Graduate Opportunity (PhD) Habitat and Foraging Ecology of Moose across Disturbed Landscapes

We are recruiting a PhD student to investigate the habitat and foraging ecology of moose across central British Columbia, Canada. The work will focus on the response of moose to broad-scale and rapid salvage harvest of lodgepole pine. The study will be conducted in the John Prince Research Forest (http://www.jprf.ca/research/post/moose-habitat-selection-movement-ecology-and-survival) where there has been stable levels of forest harvest and the surrounding landscape that has been the focus of salvage harvest.

There is considerable flexibility in research question and design, but we anticipate methods that potentially employ field-based analyses of recently deployed high-frequency GPS collars, 4 years of broader-scale GPScollar data, and 3 years of camera-trap data. The study area has Lidar derived forest/cover attributes and there is an effort to monitor wolves. We expect the dissertation to have an applied focus, with application of findings to the development or improvement of forest management practices that enhance moose populations.

The qualified student will attend classes at the Prince George campus of the University of Northern BC. UNBC is a small, but dynamic research intensive university (www.unbc.ca). The Prince George area offers abundant outdoor recreation activities. Please see our website for more information on the Natural Resources and Environmental Studies Graduate Program including degree requirements and expectations (www.unbc.ca/nres/). Research activities will be conducted at the John Prince Research Forest.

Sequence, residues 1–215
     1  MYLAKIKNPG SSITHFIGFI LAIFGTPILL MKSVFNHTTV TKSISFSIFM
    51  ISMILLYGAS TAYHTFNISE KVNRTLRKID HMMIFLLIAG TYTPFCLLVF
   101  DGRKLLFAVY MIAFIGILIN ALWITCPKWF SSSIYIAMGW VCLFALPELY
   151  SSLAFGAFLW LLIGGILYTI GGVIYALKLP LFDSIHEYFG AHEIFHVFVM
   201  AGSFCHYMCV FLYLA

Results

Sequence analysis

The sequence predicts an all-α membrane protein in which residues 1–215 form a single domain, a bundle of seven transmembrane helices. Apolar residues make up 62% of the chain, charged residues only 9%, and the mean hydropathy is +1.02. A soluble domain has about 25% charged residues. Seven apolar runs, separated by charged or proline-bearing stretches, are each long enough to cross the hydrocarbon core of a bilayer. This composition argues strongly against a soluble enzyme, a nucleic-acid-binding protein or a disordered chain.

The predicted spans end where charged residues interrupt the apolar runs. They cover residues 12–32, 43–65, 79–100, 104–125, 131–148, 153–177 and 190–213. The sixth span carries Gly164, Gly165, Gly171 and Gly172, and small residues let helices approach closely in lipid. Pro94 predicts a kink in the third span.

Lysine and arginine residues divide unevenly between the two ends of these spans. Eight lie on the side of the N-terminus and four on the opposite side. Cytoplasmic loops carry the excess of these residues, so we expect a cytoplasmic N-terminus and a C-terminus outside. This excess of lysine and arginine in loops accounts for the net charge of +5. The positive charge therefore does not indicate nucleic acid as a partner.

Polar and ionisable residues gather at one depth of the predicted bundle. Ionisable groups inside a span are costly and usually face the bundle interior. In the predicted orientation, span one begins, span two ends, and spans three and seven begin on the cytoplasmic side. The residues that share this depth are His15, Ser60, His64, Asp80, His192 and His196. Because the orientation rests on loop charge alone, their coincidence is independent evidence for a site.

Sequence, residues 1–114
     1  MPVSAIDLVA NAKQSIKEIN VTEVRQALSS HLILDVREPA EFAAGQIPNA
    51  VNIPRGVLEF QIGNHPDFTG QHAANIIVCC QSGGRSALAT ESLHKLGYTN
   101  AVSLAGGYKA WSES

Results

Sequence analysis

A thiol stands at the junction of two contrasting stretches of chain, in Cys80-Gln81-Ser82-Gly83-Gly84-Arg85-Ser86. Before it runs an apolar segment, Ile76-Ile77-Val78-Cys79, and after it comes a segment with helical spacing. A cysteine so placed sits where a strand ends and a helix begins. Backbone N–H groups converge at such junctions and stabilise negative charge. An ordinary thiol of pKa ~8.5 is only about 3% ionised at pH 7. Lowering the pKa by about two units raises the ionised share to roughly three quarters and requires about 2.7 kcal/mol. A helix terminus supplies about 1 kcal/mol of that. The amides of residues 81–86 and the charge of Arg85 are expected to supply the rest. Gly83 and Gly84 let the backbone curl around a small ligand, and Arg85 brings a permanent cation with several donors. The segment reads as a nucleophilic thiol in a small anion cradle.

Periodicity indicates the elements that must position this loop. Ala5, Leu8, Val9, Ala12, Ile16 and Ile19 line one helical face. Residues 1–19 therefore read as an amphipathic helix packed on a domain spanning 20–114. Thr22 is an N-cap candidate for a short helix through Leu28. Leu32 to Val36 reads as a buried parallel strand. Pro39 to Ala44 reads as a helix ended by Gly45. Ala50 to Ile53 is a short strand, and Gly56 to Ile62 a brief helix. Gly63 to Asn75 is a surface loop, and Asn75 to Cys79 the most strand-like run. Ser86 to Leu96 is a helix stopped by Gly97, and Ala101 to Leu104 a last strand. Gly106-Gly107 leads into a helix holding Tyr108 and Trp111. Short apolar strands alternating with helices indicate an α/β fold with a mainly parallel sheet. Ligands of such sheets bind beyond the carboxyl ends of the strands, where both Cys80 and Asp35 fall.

Qualifications: This is a challenging, but rewarding project requiring a range of interests and aptitudes. Preferably, the successful applicant will have a degree in biology or ecology. The student should be willing to work in a collaborative environment with multiple research partners. Demonstration of field-based competencies (e.g., GPS operation, compassing, backcountry safety/skills) is an asset as well as a desire to get dirty and potentially work long hours. Also, the student should have a keen interest in quantitative ecology, including the development of species distribution models and the analysis of camera-trap data. The successful student should be prepared to spend a portion of the summer working at the study site near Fort St. James, British Columbia with a program start date of September 2019. We offer a competitive stipend ($22,000/year for 3 years) and funding to support field and lab activities.

For further information please contact Dr. Chris Johnson, (johnsoch@unbc.ca; 1-250-960-5357; http://web.unbc.ca/~johnsoch).

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